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Researchers identify the enzyme responsible for obesity-related high blood pressure.

Obesity is a serious health problem affecting approximately one-third of the adult population in the United States. Obese individuals have an increased risk of diabetes and cardiovascular disease, including hypertension. A recent study led by researchers at the University of Missouri has identified the enzyme responsible for obesity-related hypertension, a finding that could lead to new treatment options.  The study is published in the journal Obesity.

The team explain that hypertension is a condition in which arterial blood vessels are exposed to persistently elevated blood pressure, making the heart work harder to pump blood to the body.  Hypertension can lead to severe health issues such as heart attacks, kidney failure, organ damage, and weakened or ruptured blood vessels. By comparing genetically obese rats to lean rats in the current study the researchers discovered that obese animals were deficient in the amino acid arginine due to elevated activity of the enzyme arginase, which breaks down this molecule.

Although arginase is present throughout the body, it is primarily found in the liver, state the team, adding that its role is to assist in the breakdown of ammonia, which is eventually flushed out during urination. However, the lab found significantly increased arginase activity within blood vessels and in the blood of obese rats compared to lean animals.

The problem with this data finding state the researchers is that arginase depletes arteries and blood of arginine, which is needed to generate nitric oxide.  Nitric oxide is a gas formed from arginine that relaxes blood vessels and lowers arterial blood pressure. The destruction of arginine by arginase reduces nitric oxide levels, leading to the constriction of blood vessels and high blood pressure.

Using two methods to correct the arginine deficiency, the team first supplemented the diet of obese animals with the amino acid L-arginine. The second method involved using drugs that block the activity of arginase. Although both approaches restored nitric oxide production and reversed hypertension in obese rats, the use of arginase-inhibiting drugs may be a better solution.

The results showed that blocking arginase activity offers a more specific approach in treating hypertension, because it’s directly targeting the underlying biochemical defect in obesity.  L-arginine is a natural amino acid commonly found in red meat, poultry, fish and dairy products state the team and it is also manufactured and used as a nutritional supplement or medication. However, the researchers surmise that a dietary approach using L-arginine may not be the best treatment option. Arginine increases nitric oxide, but it also exerts other biological effects, and it can be converted by arginase to alternative compounds that counteract its benefits to the circulation.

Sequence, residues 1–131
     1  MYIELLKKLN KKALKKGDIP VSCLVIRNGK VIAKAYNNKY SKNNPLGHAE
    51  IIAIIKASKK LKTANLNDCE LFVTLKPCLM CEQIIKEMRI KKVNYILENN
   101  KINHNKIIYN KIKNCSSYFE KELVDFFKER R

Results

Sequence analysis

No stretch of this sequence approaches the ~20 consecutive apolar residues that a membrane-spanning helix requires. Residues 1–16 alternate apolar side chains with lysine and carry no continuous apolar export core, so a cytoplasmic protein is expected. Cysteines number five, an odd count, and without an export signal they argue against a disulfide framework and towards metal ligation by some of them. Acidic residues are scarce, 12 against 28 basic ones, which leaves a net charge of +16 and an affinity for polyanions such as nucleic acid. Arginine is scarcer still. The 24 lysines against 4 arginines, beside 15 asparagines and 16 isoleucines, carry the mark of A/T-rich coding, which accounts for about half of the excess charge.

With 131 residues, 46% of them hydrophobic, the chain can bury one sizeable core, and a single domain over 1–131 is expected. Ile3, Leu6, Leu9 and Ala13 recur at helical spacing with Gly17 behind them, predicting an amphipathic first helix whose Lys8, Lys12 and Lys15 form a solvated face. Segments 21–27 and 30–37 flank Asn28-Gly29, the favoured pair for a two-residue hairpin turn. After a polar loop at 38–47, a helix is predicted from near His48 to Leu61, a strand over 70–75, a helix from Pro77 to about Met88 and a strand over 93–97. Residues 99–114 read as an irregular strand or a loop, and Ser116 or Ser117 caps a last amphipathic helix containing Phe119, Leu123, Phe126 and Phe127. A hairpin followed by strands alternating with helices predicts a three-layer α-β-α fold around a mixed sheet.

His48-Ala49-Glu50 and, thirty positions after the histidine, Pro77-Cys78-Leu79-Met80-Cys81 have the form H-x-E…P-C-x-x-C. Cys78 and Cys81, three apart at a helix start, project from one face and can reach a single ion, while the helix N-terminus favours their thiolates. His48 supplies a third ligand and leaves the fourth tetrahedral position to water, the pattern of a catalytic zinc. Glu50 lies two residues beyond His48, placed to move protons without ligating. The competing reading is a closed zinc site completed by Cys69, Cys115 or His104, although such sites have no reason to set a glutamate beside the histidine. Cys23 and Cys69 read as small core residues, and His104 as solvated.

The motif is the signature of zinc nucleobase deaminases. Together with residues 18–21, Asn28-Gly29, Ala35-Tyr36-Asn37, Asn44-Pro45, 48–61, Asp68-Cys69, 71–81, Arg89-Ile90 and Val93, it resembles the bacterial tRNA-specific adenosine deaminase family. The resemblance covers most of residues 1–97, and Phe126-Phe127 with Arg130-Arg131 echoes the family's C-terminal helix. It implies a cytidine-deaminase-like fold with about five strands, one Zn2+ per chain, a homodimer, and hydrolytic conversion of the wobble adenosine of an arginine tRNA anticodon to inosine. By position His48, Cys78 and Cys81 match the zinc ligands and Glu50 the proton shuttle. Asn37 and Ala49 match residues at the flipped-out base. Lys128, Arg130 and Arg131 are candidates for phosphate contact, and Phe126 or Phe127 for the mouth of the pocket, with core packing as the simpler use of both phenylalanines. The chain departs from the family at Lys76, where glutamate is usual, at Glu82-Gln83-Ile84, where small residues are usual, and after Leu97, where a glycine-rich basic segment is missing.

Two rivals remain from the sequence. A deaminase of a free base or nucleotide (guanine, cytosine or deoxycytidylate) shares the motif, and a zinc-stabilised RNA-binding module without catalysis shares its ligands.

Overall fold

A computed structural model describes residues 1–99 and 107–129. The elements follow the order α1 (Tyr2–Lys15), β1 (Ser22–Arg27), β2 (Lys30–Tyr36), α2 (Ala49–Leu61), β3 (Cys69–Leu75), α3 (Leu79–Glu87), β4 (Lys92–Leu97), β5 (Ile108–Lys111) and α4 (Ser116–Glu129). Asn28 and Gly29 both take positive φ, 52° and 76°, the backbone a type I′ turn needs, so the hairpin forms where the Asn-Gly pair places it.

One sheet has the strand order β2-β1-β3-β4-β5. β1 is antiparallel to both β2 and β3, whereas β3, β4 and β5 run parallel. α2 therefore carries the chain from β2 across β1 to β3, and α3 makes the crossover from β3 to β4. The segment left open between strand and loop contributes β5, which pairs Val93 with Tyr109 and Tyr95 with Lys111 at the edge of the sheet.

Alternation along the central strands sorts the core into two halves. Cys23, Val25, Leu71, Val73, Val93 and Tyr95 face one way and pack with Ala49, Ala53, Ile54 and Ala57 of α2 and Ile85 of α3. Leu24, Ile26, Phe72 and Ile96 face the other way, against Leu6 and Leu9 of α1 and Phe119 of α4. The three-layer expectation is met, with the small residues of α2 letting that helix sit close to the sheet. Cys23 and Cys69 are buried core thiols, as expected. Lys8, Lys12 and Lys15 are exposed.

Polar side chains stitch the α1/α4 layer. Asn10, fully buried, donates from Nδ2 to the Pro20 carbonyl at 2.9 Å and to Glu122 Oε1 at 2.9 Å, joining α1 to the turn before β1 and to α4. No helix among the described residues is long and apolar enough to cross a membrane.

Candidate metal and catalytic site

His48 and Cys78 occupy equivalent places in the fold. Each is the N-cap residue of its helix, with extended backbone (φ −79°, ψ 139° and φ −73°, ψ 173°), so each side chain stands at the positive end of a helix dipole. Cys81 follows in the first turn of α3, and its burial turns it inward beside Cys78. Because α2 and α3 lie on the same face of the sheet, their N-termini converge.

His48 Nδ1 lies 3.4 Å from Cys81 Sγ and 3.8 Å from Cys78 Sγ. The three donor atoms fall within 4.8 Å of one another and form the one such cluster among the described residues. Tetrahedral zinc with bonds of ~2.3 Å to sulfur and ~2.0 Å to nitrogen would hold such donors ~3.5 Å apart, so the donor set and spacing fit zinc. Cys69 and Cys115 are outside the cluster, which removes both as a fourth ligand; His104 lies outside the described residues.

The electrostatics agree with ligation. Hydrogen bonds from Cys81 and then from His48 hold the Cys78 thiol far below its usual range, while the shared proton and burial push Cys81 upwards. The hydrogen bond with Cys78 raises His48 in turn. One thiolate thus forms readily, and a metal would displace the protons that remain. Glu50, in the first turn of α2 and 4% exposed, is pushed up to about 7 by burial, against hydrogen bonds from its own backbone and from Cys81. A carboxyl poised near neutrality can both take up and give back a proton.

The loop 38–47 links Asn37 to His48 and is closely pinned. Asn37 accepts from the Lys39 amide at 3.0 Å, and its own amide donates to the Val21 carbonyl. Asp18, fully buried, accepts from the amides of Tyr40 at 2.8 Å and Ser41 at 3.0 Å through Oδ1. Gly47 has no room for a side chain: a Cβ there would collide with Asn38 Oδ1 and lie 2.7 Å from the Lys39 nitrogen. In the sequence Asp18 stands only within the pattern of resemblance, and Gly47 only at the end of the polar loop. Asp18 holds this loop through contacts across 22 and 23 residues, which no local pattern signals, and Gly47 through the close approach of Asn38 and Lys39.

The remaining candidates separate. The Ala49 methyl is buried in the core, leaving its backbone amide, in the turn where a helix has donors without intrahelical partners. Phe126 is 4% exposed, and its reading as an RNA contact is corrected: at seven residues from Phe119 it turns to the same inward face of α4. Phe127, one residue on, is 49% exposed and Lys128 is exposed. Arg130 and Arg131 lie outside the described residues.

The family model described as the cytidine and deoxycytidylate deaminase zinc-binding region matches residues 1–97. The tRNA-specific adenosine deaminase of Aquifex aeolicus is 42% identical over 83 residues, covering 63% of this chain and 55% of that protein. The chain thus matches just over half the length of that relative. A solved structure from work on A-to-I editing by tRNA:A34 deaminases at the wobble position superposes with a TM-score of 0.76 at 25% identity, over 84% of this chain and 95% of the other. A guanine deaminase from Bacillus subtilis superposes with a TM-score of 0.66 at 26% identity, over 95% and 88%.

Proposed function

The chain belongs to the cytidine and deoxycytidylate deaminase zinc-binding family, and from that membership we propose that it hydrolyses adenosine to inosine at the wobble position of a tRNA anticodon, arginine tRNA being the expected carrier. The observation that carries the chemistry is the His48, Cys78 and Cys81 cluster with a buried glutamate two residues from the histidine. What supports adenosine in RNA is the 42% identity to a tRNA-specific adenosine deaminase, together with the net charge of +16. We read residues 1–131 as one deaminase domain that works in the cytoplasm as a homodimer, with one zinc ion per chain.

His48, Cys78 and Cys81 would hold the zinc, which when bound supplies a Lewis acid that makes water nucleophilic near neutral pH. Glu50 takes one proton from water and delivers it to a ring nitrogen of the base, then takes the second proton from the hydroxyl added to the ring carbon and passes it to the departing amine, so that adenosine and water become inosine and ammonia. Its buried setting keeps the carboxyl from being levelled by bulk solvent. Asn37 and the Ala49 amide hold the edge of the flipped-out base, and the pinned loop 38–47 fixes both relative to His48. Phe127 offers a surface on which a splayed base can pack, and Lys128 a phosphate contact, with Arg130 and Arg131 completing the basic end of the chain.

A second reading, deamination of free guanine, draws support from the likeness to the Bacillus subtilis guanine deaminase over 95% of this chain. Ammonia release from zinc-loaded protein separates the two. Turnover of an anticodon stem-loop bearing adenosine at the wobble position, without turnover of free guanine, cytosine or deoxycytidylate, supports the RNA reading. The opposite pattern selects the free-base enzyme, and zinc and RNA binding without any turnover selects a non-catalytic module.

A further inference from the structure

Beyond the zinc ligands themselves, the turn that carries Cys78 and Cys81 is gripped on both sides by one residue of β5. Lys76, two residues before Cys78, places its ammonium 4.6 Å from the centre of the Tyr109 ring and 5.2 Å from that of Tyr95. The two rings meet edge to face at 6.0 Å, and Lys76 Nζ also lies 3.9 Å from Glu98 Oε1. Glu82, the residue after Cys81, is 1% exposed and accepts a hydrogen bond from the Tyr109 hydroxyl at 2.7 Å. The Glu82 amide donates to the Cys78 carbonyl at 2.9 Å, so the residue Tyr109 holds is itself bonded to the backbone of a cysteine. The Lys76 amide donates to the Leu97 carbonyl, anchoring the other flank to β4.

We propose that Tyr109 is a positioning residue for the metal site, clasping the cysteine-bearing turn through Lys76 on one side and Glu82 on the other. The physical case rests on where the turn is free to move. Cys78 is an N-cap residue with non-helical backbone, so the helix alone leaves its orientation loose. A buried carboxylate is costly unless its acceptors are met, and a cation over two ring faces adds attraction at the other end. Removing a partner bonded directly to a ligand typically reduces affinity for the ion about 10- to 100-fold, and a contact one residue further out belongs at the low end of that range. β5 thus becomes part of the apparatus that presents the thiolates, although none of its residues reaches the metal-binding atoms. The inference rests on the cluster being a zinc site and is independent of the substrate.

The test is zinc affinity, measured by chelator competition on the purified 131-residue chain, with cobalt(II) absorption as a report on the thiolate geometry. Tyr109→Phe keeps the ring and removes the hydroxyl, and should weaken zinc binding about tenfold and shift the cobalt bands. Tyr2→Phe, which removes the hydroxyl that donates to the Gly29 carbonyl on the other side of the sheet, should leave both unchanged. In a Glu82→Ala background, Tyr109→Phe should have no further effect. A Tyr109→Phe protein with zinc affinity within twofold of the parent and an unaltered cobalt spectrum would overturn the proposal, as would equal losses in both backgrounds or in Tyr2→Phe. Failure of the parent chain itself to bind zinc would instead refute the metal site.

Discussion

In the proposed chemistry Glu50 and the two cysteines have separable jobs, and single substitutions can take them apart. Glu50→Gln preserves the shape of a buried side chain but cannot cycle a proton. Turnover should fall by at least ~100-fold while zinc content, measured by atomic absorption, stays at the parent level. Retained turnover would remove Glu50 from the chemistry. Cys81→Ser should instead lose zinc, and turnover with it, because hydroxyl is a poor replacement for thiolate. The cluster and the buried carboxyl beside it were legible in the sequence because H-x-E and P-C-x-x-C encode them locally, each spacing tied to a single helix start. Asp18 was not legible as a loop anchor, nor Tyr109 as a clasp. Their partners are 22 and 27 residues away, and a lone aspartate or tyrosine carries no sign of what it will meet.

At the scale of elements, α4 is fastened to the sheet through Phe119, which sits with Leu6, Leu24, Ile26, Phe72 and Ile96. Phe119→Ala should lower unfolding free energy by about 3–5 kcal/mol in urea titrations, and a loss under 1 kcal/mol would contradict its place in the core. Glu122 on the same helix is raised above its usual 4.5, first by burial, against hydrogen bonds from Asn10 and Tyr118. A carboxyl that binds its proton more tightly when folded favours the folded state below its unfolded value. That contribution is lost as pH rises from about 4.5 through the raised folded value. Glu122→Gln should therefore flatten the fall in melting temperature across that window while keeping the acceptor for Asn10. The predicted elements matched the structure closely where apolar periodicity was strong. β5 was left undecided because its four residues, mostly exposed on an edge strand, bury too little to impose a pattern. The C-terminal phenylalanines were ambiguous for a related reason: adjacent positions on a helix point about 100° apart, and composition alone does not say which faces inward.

In future studies, the researchers plan to investigate what causes the increase in arginase activity in blood vessels and in the blood of obese animals.The team hypothesize that identifying the role of arginase in the development of obesity-related hypertension will ultimately benefit obese patients.

Obesity is a significant health issue not only in this country, but worldwide and the team conclude that the key to reversing the effects of obesity-related hypertension will be to effectively block arginase activity. This new knowledge may help in the discovery of treatment options for obese patients with high blood pressure.

Source:  University of Missouri

 

Composite image showing an embryonic heart from a mouse embryo at stage E18.5. The coronary circulation is crucial to the hearts function as it provides blood to the thick muscle tissue of the heart itself. These coronary arteries are very small and difficult to image using standard techniques, they are normally observed by injecting the coronary circulation with a dye and using x-rays to image.  High Resolution Episcopic Microscopy (HREM).  Credit: NIMR, MRC. Wellcome Images.
Composite image showing an embryonic heart from a mouse embryo at stage E18.5. The coronary circulation is crucial to the hearts function as it provides blood to the thick muscle tissue of the heart itself. These coronary arteries are very small and difficult to image using standard techniques, they are normally observed by injecting the coronary circulation with a dye and using x-rays to image. High Resolution Episcopic Microscopy (HREM). Credit: NIMR, MRC. Wellcome Images.

 

 

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